Ian Latimer, chief constable of Northern Constabulary and president of the Association of Chief Police Officers in Scotland, which has organised the two-day conference at Turnberry, said: "This new development emphasises the need for individual police forces to work closely with the SCDEA. "The significant number of arrests in the last nine months could not have been made without that partnership."

    The Scotsman, 2 March 2007

    01 March 2007

    2nd Humsec Conference and Call for Papers

    The second conference of the HUMSEC project focuses on the multiple interactions among transnational illegal organizations, state institutions, and the civil society in the Balkan region, and how these influence post-conflict capacity building. Contributions by regional experts, comparativists and theory-oriented social scientists, as well as governmental and non-governmental practitioners are particularly welcome.

    The HUMSEC project, invites suggestions for presentations at this conference to be held in Sarajevo, 4-6 October 2007. The working language of the conference will be English and all presentations/papers will be in English.

    Titles of proposed papers, plus abstracts of approximately 350 words are invited no later than 31 March 2007.

    Please see further information on the Humsec website.

    21 February 2007

    Conference: The Stockholm Criminoloy Symposium, June 4th-6th 2007

    This year's Stockholm Criminoloy Symposium includes sessions on Organized and economic crime. A Call for Papers is open, all abstracts must be submitted before May 4th 2007, which is the deadline for thematic panels or regular panel presentations.

    18 February 2007

    Japan: Gangsters muscle in on part-time practices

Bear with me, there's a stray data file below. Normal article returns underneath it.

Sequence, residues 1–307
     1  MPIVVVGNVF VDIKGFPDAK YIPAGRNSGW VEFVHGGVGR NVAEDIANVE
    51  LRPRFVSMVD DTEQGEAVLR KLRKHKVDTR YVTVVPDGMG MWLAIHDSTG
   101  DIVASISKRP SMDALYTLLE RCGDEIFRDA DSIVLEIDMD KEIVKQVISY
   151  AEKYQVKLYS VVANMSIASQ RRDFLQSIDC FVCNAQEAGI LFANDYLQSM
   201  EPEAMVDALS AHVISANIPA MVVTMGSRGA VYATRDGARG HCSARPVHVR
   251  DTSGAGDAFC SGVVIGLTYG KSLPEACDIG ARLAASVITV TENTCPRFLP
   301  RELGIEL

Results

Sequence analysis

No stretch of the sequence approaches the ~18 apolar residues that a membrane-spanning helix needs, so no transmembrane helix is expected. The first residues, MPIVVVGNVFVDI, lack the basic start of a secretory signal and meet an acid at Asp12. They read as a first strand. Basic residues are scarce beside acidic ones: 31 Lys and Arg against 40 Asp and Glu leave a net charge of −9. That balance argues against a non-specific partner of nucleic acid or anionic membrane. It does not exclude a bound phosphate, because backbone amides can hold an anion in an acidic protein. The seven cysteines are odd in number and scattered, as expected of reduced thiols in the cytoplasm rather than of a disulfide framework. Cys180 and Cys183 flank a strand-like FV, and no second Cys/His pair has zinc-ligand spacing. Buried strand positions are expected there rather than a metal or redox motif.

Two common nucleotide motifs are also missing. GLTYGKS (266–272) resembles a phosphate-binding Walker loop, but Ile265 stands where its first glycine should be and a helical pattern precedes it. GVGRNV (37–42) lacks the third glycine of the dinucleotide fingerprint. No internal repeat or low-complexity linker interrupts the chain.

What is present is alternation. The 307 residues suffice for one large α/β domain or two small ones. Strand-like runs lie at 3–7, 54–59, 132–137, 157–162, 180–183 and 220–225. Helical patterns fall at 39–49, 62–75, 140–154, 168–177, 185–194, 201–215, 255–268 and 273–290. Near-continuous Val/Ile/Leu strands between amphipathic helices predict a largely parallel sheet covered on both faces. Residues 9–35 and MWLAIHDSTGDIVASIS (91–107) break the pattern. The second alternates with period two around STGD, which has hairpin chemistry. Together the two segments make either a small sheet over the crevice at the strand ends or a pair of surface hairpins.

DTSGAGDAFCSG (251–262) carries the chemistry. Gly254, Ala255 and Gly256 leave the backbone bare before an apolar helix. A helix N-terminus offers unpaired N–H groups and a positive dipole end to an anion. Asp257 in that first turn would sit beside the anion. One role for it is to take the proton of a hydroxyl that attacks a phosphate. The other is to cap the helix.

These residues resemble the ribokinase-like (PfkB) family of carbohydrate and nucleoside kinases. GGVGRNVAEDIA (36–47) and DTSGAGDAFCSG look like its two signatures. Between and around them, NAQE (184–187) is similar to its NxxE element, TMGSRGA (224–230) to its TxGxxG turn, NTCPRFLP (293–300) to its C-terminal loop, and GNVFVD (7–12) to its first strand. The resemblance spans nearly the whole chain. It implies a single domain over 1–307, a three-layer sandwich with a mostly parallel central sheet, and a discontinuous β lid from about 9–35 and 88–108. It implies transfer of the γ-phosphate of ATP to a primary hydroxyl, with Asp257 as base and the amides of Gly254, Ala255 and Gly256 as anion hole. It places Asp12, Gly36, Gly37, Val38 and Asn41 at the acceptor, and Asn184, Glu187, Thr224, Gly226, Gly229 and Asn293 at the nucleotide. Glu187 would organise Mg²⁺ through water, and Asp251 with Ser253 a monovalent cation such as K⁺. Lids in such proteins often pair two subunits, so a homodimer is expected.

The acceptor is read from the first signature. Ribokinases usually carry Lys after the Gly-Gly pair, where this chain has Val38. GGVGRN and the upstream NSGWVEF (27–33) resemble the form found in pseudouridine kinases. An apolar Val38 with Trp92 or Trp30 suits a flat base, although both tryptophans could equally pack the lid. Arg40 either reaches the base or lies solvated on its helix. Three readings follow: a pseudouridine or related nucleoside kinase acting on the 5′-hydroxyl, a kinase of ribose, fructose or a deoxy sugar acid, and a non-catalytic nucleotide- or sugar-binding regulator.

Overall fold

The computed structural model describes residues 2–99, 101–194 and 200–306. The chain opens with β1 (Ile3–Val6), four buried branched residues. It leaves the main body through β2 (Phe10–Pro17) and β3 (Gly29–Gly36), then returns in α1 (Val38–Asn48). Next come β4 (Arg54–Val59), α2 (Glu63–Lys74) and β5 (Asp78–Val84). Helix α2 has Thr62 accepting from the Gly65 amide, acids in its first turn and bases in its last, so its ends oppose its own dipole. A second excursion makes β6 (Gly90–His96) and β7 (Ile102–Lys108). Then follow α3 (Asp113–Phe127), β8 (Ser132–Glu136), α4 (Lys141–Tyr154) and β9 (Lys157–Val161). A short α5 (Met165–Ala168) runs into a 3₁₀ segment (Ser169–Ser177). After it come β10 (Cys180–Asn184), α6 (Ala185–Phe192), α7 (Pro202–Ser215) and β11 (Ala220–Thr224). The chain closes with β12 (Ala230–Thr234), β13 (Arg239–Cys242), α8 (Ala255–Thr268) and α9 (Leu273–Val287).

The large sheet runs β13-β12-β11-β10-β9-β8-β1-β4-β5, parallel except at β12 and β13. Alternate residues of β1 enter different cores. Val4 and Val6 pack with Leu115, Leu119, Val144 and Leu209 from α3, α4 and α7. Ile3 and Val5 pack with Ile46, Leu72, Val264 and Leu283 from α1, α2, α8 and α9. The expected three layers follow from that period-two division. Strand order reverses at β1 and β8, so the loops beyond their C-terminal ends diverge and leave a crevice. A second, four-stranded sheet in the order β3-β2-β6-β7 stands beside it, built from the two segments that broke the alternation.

The popular image of Japanese gangsters - tattoos and missing fingers - is pretty hackneyed. But when it comes to business practice, yakuza gangs are positive trendsetters.

    Figures released by the police this week show that Japan's mobsters, whose members patrol the country's ubiquitous red-light districts, have a far more flexible labour force than conventional businesses. For the first time since records began in 1958 - Japanese statisticians keep records of almost everything - the number of yakuza part-timers, at 43,200, has outstripped regular employees of 41,500.

    Gangs have also become more efficient. In spite of a steady advance in revenue, which has mirrored the economy's return to modest health since 2002, they have cut their workforce. Last year it fell by 1,600. "These guys are the best entrepreneurs in the country, certainly the most responsive to change in business conditions," says a lawyer who deals with underworld issues.

    Estimates of the size of crime-related activity remain notoriously sketchy, making it impossible for economists to calculate gains in total mobster factor productivity. But the trend is clear. In 1991, part-timers made up 33 per cent of total gang membership, a proportion that had risen to 51 per cent by last year. Conventional businesses have lagged behind that trend; a decade ago, part-timers made up 19 per cent of the workforce, rising to about 30 per cent today.

    The sharp rise in part-timers, the product of 1990s restructuring, has helped conventional businesses control costs and return to record profits. But divisions in the labour market between regular and non-regular workers has provoked soul-searching about the creation of an underclass of "working poor". In the crime world, this has been less of an issue. Yoshinori Watanabe, former leader of the Yamaguchi syndicate, the biggest and most formidable Japanese gang, long ago instructed his members to get regular jobs to camouflage their activity.

    Legitimate business, including warehouses, trucking and real estate, make up more than half of gang-related income, experts estimate, the rest being derived from more colourful lines of business, including protection rackets, prostitution and drugs. "There is so much yakuza money coursing through the investment world, it is almost impossible to distinguish it from clean money," said one financial expert. "They are much better at hiding what they do than they were during the bubble era."